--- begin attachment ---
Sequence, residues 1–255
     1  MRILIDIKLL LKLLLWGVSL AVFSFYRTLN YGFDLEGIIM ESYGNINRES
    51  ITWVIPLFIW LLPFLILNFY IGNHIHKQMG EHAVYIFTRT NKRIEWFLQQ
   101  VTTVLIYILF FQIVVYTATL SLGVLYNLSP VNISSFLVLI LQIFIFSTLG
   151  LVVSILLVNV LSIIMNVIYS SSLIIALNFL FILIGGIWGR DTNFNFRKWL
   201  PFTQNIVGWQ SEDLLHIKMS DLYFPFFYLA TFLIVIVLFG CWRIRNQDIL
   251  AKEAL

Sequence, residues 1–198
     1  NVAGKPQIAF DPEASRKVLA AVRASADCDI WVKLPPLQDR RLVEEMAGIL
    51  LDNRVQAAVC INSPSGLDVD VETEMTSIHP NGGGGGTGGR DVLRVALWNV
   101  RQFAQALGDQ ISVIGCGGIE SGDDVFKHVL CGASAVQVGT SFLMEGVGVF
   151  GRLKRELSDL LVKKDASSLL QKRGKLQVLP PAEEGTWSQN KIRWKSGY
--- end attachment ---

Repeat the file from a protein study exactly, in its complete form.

Sequence, residues 1–255
     1  MRILIDIKLL LKLLLWGVSL AVFSFYRTLN YGFDLEGIIM ESYGNINRES
    51  ITWVIPLFIW LLPFLILNFY IGNHIHKQMG EHAVYIFTRT NKRIEWFLQQ
   101  VTTVLIYILF FQIVVYTATL SLGVLYNLSP VNISSFLVLI LQIFIFSTLG
   151  LVVSILLVNV LSIIMNVIYS SSLIIALNFL FILIGGIWGR DTNFNFRKWL
   201  PFTQNIVGWQ SEDLLHIKMS DLYFPFFYLA TFLIVIVLFG CWRIRNQDIL
   251  AKEAL

Sequence, residues 1–198
     1  NVAGKPQIAF DPEASRKVLA AVRASADCDI WVKLPPLQDR RLVEEMAGIL
    51  LDNRVQAAVC INSPSGLDVD VETEMTSIHP NGGGGGTGGR DVLRVALWNV
   101  RQFAQALGDQ ISVIGCGGIE SGDDVFKHVL CGASAVQVGT SFLMEGVGVF
   151  GRLKRELSDL LVKKDASSLL QKRGKLQVLP PAEEGTWSQN KIRWKSGY